The rear seat is fixed as standard, but for $560 you can have a 40-20-40 split-fold rear seat (as in a BMW 3 Series) for increased practicality. With the seats down, load space increases to 551L. An electrically operated boot lid is also optional ($450).

Jaguar makes no reference to chassis changes for MY20, but there was little if anything to improve. The XE was better to drive than the previous 3 Series, and it wouldn’t be found wanting against the new 3 Series, either (a twin test beckons to find out which is truly best).

It certainly offers a more consistently smoother low-speed ride than the 330i, even if the optional 19-inch wheels fitted to our test car don’t smother all types of bumps as we would expect the standard 18s to do. The XE’s rolling comfort is still pretty exemplary, as the Jaguar’s inherent suppleness combines with superbly judged damping.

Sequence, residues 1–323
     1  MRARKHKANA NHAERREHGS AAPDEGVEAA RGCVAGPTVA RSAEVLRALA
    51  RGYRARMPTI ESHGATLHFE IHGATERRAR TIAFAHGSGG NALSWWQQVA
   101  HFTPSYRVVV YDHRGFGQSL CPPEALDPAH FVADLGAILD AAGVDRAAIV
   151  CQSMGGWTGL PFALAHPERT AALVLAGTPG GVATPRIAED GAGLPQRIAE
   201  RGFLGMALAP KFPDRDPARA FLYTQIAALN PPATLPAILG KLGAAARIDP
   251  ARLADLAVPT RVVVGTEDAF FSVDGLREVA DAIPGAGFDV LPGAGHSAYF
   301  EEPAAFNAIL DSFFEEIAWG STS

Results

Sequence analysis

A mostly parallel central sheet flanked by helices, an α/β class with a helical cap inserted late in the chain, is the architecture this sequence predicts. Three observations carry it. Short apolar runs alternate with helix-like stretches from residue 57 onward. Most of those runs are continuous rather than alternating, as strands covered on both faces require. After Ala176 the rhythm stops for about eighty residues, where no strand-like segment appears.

Then find one of those roads that lights up a keen driver’s eyes, and the XE demonstrates superb body control and an entertaining agility that benefits from the car’s aluminium-intensive body.

The steering, too, is terrific, turning the XE into corners with faultless precision, directness and fluidity. On some damp roads during testing, the quick rack also came in handy to correct small slides as the rear wheels momentarily lost traction.

A bunch of engines, including four-cylinder diesel and V6 petrol options, are now gone from the XE range, leaving just the single, four-cylinder petrol engine across the SE and HSE models.

Thankfully, it’s the most potent of the four-cylinder petrol engines previously offered that remains – the ‘P300’ that brings 221kW and 400Nm to the table to outgun similarly priced rivals.